I am not sure what level of BB you are talking about but this seems way off base. I have seen to many kids with great fundamental but when the pace of the game comes their way they have not been prepared to hndle this. I could not disagree with tis article more.

  3. thomas — June 3, 2010 @ 10:15 am

    IMO, there should be no defense at first so as to have the player feel comfortable learning the moves and to correct any mechanical errors. then you introduce 1 on 1 defense so the player can recognize what to when the defender plays him soft, tight, denies the post, etc. finally, you could introduce 2 on 1 to simulate a double team scenario. you want your player making all the mistakes in practice where it can be corrected.

  4. Kevin E — June 3, 2010 @ 11:58 am

    I have 2 comments
    First, to compromise between the article’s pt of view and brads – couldn’t you use a coach as the defense in practice so that they could be tough when needed for the experienced players and easier on those that needed it – as to set each individual player up to succeed and minimize stress?

    This leads me into my 2nd comment. I work w/ dolphins (coach on the side) and use the principles of positive/negative reinforcement daily. I only say this to help you in later blogs/conferences, Joe, (because your website is amazing & i read it daily)… but when you say “negative reinforcement” you are really talking about positive punishment. Positive & negative, in this context, must be thought of as Adding or Subtracting something, not in good vs. bad. The reinforcement, (vs punishment) details the outcome you desire. Reinforcement increases the chance something will happen again, while punishment lessens the chance (say turnovers). So positive reinforcement would be adding something (like a high five or more playing time) while negative reinforcement would be removing something (like suicides at the end of practice for good team play in practice) that will increase their likelihood to repeat it. Punishment (positive.. like verbal abuse, or negative.. taking away playing time) i completely agree with you has little to no place in the coaching (or dolphin training) world when you are trying to teach in a stress free environment. : ) sorry if this is too long but i figured this is the only way i can repay for all of the wisdom you have shared with me.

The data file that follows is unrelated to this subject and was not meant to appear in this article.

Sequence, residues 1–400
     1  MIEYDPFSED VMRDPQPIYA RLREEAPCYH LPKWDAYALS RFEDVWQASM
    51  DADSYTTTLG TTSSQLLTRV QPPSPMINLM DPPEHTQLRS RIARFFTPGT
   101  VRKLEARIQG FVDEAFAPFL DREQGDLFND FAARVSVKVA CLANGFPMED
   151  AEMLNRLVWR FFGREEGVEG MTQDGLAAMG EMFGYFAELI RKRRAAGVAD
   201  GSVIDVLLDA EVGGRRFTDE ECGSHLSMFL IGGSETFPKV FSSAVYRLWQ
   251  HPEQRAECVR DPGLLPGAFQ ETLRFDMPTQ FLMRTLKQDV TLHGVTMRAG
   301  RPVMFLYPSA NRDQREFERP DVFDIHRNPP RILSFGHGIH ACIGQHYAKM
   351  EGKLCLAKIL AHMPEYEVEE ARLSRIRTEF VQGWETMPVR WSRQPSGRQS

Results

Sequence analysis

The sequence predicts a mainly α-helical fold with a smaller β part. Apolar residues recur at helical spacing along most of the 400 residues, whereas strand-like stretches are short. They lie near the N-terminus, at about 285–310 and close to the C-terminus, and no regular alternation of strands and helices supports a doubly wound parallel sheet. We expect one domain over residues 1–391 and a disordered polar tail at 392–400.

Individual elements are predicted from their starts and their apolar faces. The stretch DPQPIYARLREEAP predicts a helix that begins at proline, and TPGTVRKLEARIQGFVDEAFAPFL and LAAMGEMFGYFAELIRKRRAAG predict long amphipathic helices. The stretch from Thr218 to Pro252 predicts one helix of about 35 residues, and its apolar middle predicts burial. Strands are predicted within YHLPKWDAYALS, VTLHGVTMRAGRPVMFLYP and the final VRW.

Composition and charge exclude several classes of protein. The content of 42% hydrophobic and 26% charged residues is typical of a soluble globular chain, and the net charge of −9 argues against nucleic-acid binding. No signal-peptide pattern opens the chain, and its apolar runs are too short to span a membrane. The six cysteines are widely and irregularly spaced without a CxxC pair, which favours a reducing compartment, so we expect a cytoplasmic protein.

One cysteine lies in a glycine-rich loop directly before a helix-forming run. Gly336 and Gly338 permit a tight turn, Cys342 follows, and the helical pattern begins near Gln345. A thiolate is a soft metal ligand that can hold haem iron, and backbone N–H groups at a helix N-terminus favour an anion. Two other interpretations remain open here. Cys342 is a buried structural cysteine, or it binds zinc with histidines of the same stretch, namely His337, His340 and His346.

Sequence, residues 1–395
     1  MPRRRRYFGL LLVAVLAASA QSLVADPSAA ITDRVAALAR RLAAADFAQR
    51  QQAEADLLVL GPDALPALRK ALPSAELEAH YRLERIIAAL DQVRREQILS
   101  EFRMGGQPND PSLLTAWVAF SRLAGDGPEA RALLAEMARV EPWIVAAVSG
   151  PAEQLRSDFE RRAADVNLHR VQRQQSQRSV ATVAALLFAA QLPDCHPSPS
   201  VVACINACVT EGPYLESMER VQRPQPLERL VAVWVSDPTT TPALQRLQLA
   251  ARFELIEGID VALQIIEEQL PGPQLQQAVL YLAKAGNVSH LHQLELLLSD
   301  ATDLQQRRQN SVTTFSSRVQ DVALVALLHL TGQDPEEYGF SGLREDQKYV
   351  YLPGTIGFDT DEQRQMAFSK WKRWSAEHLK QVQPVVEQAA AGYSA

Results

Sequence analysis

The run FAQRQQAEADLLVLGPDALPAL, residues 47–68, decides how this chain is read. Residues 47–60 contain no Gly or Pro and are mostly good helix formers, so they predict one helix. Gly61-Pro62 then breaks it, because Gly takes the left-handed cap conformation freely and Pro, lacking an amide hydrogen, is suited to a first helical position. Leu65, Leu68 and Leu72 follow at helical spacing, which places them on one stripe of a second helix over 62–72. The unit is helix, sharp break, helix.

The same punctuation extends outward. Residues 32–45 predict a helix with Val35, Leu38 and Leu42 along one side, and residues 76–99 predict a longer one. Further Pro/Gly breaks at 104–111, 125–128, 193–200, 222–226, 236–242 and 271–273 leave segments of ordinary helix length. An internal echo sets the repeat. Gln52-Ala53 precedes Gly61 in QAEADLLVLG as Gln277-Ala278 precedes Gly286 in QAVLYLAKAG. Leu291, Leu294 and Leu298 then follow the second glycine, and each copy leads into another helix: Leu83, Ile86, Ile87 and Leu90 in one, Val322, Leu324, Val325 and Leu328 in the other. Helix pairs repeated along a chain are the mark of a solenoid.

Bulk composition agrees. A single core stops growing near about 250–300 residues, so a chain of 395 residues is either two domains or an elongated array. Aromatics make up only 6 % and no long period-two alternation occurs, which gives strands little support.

5. HENRY RAY — June 3, 2010 @ 12:24 pm

    iI AM A COLLEGE COACH AT TRANSYLVANIA, LEX. KY. AND I
    USE THE SAME METHOD AS YOU DO. MY POST PLAYERS HAVE
    EARNED PLAYER OF THE YEAR IN CONFERENCE PLAY AND ALL
    AMERICAN HONORS. MORE COACHES SHOULD USE THIS METHOD.
    I’VE COACHED D 3 AND NAIA PLAYERS. ONE OF MY FORMER
    POST HAD A WNBA OFFER BUT CHOOSE ANOTHER CARRER.
    I WAS AN OUTSTANDING REBOUNDER AS A PLAYER. 20 A GAME
    AND 9 AS A GUARD IN COLLEGE(MCNEESE STATE} HOWEVER I
    CAN’T SEEM TO GET PRODUCTION FROM MY POST. CAN YOU GIVE ME SOME SUGGESTIONS OR DRILLS. THANKS AGAIN FOR
    THIS GREAT INFO.

  6. KDDILLINGHAM — June 3, 2010 @ 1:02 pm

    I have coached youth ball for a long time, i feel that having a defense to work against is much more benificial and makes better use of the practice time that I have with the kids. These kids are only eighth graders but they can play. And at that age you dont have a big selection of post players so you need to teach them to play hard. If you coach your way and it works for you thats cool. But i think on this one I will stick with my way, but you raise a good point for coaches to ponder. You have great stuff on your site and I use alot of what you preach. THANX

  7. Damian Hilton — June 3, 2010 @ 3:02 pm

    Whole vs Part learning. I have to agree here with some of the posters. I highly respect Don Kelbick. I also really respect the Haefner clan and only know them from the products I buy.